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In an effort to open up the nation’s clogged supply chains, the Biden administration on March 15 announced plans for a pilot program under which organizations across the transportation landscape would share data with one another to improve the overall flow of goods.
Called Freight Logistics Optimization Works or FLOW, the Ports of Los Angeles and Long Beach are among the first to agree to participate. Also pledging support is the Georgia Ports Authority.
The White House said the program is needed because “the lack of digital infrastructure and transparency makes our supply chains brittle and unable to adapt when faced with a shock.” While acknowledging the need for various companies to provide information without revealing proprietary information, the White House said the current lack of information exchange “can cause delays as cargo moves from one part of the supply chain to another, driving up costs and increasing goods movement fragility.”
Transportation Secretary Pete Buttigieg said the initiative’s goal could reap benefits across industries. “If it doesn’t work on a handshake it doesn’t work,” Buttigieg said. “Nobody can command this kind of sharing, but we also know it needs to happen.”
“With better information we can speed things up,” Port of Long Beach Executive Director Mario Cordero told Transport Topics. “For trucking, it will help the distribution of how we move cargo. We can improve the overall flow of goods.” He added, “Things are getting better, but it’s a work in progress.”
The administration said it hopes to get the participation needed to build out the data exchange by the end of summer.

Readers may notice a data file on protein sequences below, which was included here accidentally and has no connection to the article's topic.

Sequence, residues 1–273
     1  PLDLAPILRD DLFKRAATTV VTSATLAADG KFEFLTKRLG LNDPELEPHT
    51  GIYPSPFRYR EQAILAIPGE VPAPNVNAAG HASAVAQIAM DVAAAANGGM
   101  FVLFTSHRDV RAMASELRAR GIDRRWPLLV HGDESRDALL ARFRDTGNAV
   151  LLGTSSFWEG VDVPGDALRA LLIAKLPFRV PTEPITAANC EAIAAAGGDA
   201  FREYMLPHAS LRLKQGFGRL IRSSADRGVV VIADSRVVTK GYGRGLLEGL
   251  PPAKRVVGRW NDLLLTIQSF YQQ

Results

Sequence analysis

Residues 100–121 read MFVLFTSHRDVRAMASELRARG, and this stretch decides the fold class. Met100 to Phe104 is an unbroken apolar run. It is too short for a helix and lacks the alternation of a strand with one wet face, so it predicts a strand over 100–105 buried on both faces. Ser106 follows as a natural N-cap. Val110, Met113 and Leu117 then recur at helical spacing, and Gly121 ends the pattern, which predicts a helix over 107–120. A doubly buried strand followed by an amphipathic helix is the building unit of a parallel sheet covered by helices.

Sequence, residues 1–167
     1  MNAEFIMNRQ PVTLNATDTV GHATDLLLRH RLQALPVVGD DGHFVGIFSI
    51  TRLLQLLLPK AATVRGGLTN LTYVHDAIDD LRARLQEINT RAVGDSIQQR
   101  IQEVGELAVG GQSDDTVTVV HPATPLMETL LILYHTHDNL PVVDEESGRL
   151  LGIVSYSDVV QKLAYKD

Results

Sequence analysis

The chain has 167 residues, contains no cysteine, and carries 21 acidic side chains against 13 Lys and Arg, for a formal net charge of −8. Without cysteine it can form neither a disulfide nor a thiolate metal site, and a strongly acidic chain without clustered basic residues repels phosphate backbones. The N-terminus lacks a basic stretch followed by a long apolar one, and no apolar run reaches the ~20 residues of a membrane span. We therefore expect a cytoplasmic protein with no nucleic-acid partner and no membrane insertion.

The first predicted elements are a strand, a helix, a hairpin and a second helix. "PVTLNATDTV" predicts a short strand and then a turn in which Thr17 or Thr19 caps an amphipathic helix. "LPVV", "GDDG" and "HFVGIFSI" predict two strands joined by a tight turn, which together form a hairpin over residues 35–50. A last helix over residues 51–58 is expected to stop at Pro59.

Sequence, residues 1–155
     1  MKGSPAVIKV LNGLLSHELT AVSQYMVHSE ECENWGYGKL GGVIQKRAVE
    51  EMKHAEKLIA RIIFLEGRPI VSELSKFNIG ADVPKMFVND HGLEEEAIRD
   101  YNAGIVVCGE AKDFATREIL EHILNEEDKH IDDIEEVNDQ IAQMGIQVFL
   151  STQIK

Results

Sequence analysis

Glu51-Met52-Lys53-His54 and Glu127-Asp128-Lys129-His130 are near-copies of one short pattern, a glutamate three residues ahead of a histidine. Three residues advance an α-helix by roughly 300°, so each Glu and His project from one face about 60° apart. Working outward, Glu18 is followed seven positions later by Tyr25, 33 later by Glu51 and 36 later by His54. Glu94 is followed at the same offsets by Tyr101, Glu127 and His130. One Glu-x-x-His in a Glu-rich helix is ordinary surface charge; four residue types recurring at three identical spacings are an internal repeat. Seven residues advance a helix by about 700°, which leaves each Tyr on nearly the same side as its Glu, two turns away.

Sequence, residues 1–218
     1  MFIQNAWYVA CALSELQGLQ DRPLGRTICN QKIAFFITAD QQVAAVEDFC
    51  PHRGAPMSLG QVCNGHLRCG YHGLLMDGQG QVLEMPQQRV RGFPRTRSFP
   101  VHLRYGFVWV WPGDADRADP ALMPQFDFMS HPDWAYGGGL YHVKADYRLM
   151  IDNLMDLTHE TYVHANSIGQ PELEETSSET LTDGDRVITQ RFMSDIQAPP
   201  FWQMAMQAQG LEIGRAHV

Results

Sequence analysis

It’s not uncommon for a piece of cargo to change hands 10 or more times from a truck at an overseas port to an eventual delivery at a retail store or on someone’s doorstep, experts said.
“Supply chains are both complex and are relatively simple, so long as something doesn’t disrupt them,” University of Minnesota-Morris economist and professor Stephen Burks told TT. “For the past two years, because of COVID, many people went home and worked from home. But since that time, all the disruption has been because final demand increased and a lot more consumer goods — compared to services — were being consumed. It’s the extra demand which caused the issues we’re seeing.”
Last June, President Joe Biden created a supply chain task force to study structural supply chain problems that must be addressed. The current surge of freight is expected to continue at a record pace for at least the next 10 years, and industry experts say the country desperately needs to upgrade ports, roads, bridges, rail systems and build thousands more warehouses to handle the volume.
“Now is the time to begin investing,” Cordero said. “I’m very optimistic. We’ve gone through a lot of tragic things with the global health pandemic, but a crisis brings opportunities. The supply chain prior to COVID was fragile, but we’re getting investment from Washington, D.C., and Sacramento.”
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As part of the $1.2 trillion infrastructure bill Biden signed last year, the nation’s ports are expected to receive at least $17.2 billion in federal funding for revitalization. Plus, ports in California will receive $250 million in COVID-19 relief money to reimburse them for losses they incurred as a result of the pandemic.
Looking ahead, the National Retail Federation is forecasting strong consumer spending in 2022, with both online and brick and mortar retail outlets looking at year-over-year growth between 6% and 8%, totaling as much as $4.95 trillion. The new projections, announced March 15, do not include automobile dealers, gas stations and restaurants. Year-over-year, nonstore and online sales, which are included in the total $4.95 trillion figure, are expected to grow between 11% and 13% to $1.17 trillion to $1.19 trillion as consumers continue to drive growth in e-commerce.
“NRF expects retail sales to increase in 2022, as consumers are ready to spend and have the resources to do so,” NRF CEO Matthew Shay said. “We should see durable growth this year given consumer confidence to continue this expansion, notwithstanding risks related to inflation, COVID-19 and geopolitical threats.”
While the 2022 forecast is lower than 2021’s record 14% annual growth rate, the new number is still well above the 10-year, pre-pandemic average retail growth rate of 3.7% annually.